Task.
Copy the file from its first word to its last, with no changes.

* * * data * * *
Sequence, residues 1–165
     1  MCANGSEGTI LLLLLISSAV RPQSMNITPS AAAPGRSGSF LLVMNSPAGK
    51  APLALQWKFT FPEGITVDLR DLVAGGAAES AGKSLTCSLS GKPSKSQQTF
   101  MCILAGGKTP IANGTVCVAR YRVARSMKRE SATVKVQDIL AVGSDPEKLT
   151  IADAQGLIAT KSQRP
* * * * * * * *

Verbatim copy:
Sequence, residues 1–165
     1  MCANGSEGTI LLLLLISSAV RPQSMNITPS AAAPGRSGSF LLVMNSPAGK
    51  APLALQWKFT FPEGITVDLR DLVAGGAAES AGKSLTCSLS GKPSKSQQTF
   101  MCILAGGKTP IANGTVCVAR YRVARSMKRE SATVKVQDIL AVGSDPEKLT
   151  IADAQGLIAT KSQRP